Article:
Latinos in the 2010 Elections: Wisconsin
This statistical profile provides key demographic information of Latino eligible voters in Wisconsin.1 It also contains data on other major groups of eligible voters in Wisconsin.2 All data are based on Pew Hispanic Center tabulations of the Census Bureau’s 2008 American Community Survey.3
Hispanics in Wisconsin’s Eligible Voter Population
- The Hispanic population in Wisconsin is the 24th-largest in the nation. Some 286,000 Hispanics reside in Wisconsin.
- The population in Wisconsin is 5% Hispanic, the 31st-highest Hispanic population share nationally.
- There are 106,000 eligible Hispanic voters in Wisconsin—the 23rd-largest Hispanic eligible-voter population nationally. California ranks first with 5.4 million.
- Some 3% of eligible voters in Wisconsin are Latinos, the 30th-largest Hispanic eligible voter population share nationally. New Mexico ranks first with 38%.
- Less than four-in-ten (37%) of Latinos in Wisconsin are eligible to vote, ranking Wisconsin 29th nationwide in the share of the Hispanic population that is eligible to vote. In contrast, 78% of the state’s white population is eligible to vote.
Characteristics of Eligible Voters
- Age. One-third of Hispanic eligible voters in Wisconsin (32%) are ages 18 to 29, similar to the share of all Latino eligible voters nationwide (31%) in that age range. By contrast, only 21% of all Wisconsin eligible voters and 22% of all U.S. eligible voters are ages 18 to 29.
- Citizenship. One-in-six Hispanic eligible voters in Wisconsin (17%) are naturalized U.S. citizens, compared with 2% of all Wisconsin eligible voters. Hispanic eligible voters in Wisconsin are more likely to be native-born citizens (83%) than are Hispanic eligible voters nationwide (74%).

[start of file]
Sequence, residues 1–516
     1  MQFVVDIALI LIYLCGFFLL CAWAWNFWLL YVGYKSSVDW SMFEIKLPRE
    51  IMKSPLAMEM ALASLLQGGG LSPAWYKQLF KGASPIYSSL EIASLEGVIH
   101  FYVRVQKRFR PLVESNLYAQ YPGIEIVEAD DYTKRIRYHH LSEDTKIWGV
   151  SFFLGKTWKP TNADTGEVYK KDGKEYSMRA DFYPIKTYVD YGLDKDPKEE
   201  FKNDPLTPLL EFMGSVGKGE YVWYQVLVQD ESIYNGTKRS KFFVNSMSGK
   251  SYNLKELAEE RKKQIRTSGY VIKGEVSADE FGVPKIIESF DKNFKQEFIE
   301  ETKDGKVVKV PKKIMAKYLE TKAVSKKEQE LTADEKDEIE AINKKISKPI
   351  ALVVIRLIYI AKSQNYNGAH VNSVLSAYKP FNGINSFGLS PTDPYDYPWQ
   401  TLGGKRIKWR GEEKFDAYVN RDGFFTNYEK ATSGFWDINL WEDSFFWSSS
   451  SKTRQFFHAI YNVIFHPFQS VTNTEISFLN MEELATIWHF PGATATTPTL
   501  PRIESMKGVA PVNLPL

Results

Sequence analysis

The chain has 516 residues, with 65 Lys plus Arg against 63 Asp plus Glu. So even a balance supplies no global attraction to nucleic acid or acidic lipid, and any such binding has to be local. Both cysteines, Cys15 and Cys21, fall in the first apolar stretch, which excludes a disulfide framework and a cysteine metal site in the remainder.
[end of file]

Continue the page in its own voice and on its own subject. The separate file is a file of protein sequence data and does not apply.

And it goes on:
- Educational Attainment. One-quarter of Latino eligible voters in Wisconsin (23%) have not completed high school. That was less than the rate for all Latino eligible voters—26%—but greater than the rate for U.S. eligible voters nationwide—13%.
- Homeownership. Some 55% of Hispanic eligible voters in Wisconsin live in owner-occupied homes, compared with 60% of all Hispanic eligible voters nationwide. Somewhat greater shares of all eligible voters in Wisconsin (72%) and all eligible voters nationwide (70%) live in owner-occupied homes.
Characteristics of Eligible Voters in Wisconsin, by Race and Ethnicity
- Number of Latino Eligible Voters. Latino eligible voters are outnumbered by black eligible voters in Wisconsin by a margin of 2 to 1—106,000 Latinos to 210,000 blacks.
- Age. Latino and black eligible voters are younger than white eligible voters in Wisconsin. One-third of Latino eligible voters (32%) and three-in-ten black eligible voters (30%) in Wisconsin are ages 18 to 29 compared with 20% of white eligible voters.
- Educational Attainment. Hispanic and black eligible voters have lower levels of education than do white eligible voters in Wisconsin. Some 23% of Hispanic eligible voters and 22% of black eligible voters have not obtained at least a high school diploma compared with 8% of white eligible voters.
- Homeownership. Hispanic eligible voters in Wisconsin are less likely than white eligible voters, but more likely than black eligible voters, to live in owner-occupied homes—55% versus 75% and 37%, respectively.
- Eligible voters are defined as U.S. citizens ages 18 and older. Eligible voters are not the same as registered voters. To cast a vote, in all states except North Dakota, an eligible voter must first register to vote. ↩
- The terms “Hispanic” and “Latino” are used interchangeably. References to “whites,” “blacks,” and “Asians” are to the non-Hispanic components of those populations. ↩
- This statistical profile of eligible voters in Wisconsin is based on the Census Bureau’s 2008 American Community Survey (ACS). The ACS is the largest household survey in the United States, with a sample of about 3 million addresses. The data used for this statistical profile come from 2008 ACS Integrated Public Use Microdata Series (IPUMS), representing a 1% sample of the U.S. population. Like any survey, estimates from the ACS are subject to sampling error and (potentially) measurement error. Information on the ACS sampling strategy and associated error is available at http://www.census.gov/acs/www/Downloads/data_documentation/Accuracy/accuracy2008.pdf. An example of measurement error is that citizenship rates for the foreign born are estimated to be overstated in the Decennial Census and other official surveys, such as the ACS (see Jeffrey Passel. “Growing Share of Immigrants Choosing Naturalization,” Pew Hispanic Center, Washington, D.C. (March 28, 2008)). ↩